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Qatar: letter to FIFA boss calls for 'urgent and concrete action' on workers' rights

The opening ceremony of the 2022 World Cup will take place at Al Bayt Stadium © Etsuo Hara/Getty Images

Four-page letter to Gianni Infantino comes ahead of World Cup qualifiers this week

FIFA reminded of responsibilities under global business and human rights standards

‘FIFA has an opportunity to help leave Qatar a better place for migrant workers’ - Steve Cockburn

Ahead of qualification matches for the 2022 Qatar World Cup this week, Amnesty International has written to football’s world governing body FIFA calling on it to use its leverage with the Qatari authorities to help end the abuse of migrant workers in the country.

In a detailed four-page letter to FIFA President Gianni Infantino, Amnesty has called on the football body to take “urgent and concrete action” and “use the full extent of its influence” to urge Qatar to fulfil a programme of labour reforms before the World Cup kicks off at the end of next year.

Amnesty’s letter says that FIFA “has a responsibility to ensure human rights are respected in the context of preparing for and carrying out the tournament”, noting that without the two million migrants “building the stadiums, the roads, and the metro”, Qatar’s hosting of the competition would not have been possible. 

“When the tournament kicks off”, continues Amnesty’s letter, migrant workers “will be taking care of players, fans and officials in hotels, serving them in restaurants, transporting them around and providing security for venues”. “Everyone who visits Qatar to watch or participate in the World Cup will almost certainly by looked after by migrant workers along the way.”

Qatar has made a number of positive reforms in recent years, partly in response to increased scrutiny after the World Cup contract was awarded. But Amnesty’s research has shown that reforms are often not properly implemented, and thousands of migrant workers are still exploited and abused. Recently, Qatar’s advisory body - the Shura Council - made recommendations which if accepted by the authorities would undo many of the reforms, including by re-imposing restrictions on workers’ rights to change jobs or leave the country.

Steve Cockburn, Head of Economic and Social Justice at Amnesty International, said:  

“As the World Cup organising body, FIFA has a responsibility under international standards to mitigate human rights risks arising from the tournament. This includes risks to workers in industries like hospitality and transport, which have expanded massively to facilitate the delivery of the games. 

“This week’s qualifiers are a reminder that the window for FIFA to influence Qatar is closing - it must act now to ensure that the 2022 World Cup is a tournament to be proud of, and not one tainted by labour abuses.

“FIFA must use its voice to urge Qatar to urgently implement and enforce existing reforms, and to reject proposals to strip workers of their newly gained rights. 

“FIFA and Qatar must put in place a robust plan of action to ensure that migrant workers across all sectors associated with the World Cup have been paid properly, treated fairly, and are free from the control of exploitative employers.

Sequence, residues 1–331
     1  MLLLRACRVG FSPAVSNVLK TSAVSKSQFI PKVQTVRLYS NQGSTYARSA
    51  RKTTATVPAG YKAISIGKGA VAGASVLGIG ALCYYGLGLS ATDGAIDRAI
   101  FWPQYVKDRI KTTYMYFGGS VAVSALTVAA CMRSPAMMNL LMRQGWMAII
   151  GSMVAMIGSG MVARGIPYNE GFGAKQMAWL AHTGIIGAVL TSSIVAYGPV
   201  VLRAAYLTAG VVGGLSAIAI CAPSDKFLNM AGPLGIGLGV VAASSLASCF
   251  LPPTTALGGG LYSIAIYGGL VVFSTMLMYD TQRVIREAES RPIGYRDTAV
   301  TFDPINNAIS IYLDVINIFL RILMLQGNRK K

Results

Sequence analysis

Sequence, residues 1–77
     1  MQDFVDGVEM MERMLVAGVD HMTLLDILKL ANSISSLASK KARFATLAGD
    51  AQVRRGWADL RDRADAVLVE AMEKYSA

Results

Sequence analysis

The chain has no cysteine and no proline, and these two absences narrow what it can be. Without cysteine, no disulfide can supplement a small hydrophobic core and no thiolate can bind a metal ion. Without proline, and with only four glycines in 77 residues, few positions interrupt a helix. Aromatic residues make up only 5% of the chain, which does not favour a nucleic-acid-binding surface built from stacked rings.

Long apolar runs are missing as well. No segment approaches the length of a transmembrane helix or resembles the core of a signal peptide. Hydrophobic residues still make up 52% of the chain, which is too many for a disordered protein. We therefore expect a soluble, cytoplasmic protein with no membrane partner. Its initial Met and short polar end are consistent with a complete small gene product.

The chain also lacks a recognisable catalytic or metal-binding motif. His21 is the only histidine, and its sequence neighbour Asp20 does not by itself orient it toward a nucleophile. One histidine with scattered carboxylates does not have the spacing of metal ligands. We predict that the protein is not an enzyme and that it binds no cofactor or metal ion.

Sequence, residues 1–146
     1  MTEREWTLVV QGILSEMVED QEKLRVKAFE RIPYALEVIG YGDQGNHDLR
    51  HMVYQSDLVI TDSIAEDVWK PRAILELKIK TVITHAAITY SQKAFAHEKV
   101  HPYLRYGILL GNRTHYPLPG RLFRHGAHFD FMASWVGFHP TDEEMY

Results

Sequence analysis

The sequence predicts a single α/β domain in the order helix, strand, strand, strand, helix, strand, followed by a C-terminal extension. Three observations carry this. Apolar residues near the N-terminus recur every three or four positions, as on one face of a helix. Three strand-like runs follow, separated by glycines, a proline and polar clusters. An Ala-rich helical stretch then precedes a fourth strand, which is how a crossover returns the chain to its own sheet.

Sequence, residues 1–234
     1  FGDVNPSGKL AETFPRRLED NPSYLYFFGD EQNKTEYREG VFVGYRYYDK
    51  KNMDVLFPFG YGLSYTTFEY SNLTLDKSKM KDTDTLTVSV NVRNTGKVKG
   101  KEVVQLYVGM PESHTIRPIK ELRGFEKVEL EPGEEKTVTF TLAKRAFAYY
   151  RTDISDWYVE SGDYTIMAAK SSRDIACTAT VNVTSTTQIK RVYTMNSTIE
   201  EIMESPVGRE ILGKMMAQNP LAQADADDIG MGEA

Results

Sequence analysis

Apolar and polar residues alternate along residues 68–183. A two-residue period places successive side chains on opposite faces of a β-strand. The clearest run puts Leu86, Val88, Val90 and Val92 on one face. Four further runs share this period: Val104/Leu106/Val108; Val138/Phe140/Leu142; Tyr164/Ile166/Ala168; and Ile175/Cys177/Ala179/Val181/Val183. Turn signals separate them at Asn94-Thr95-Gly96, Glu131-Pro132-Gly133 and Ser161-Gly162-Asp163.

“FIFA has an opportunity to help leave Qatar a better place for migrant workers, but the clock is ticking.”

FIFA’s responsibilities

Amnesty’s letter to FIFA is the latest reminder to football’s world body that it is required to live up to its international human rights responsibilities. Amnesty acknowledges the steps taken by FIFA in recent years to live up to these responsibilities, including establishing its 2017 Human Rights Policy and a joint FIFA World Cup Qatar 2022 Sustainability Strategy in 2019. 

However, under the UN Guiding Principles on Business and Human Rights, FIFA must ensure human rights are respected in the organisation and delivery of the World Cup, including by carrying out its own independent and regular monitoring of World Cup projects and venues, and conducting due diligence to identify and prevent any human rights abuses associated with the tournament. Crucially, FIFA also has a responsibility to ensure that all harms suffered by workers on World Cup-related projects to date are properly remedied, in cooperation with the Qatari authorities and other relevant stakeholders.

‘Legacy of world class standards’

FIFA has pledged to leave “a legacy of world class standards and practices for workers in Qatar and internationally”, but the continued prevalence of serious abuses in Qatar brings this aspiration into question. Last year, for example, FIFA told Amnesty that the “day-to-day due diligence” of construction workers’ rights is carried out by the Supreme Committee, the government body overseeing the Qatar World Cup. This hands-off approach was shown to be deeply insufficient when Amnesty found that construction workers on the £660m Al Bayt Stadium had worked for up to seven months without pay. The Supreme Committee had known about this for nearly a year, but FIFA admitted it was unaware of this, demonstrating that FIFA needs to be much more diligent in independently monitoring World Cup sites.

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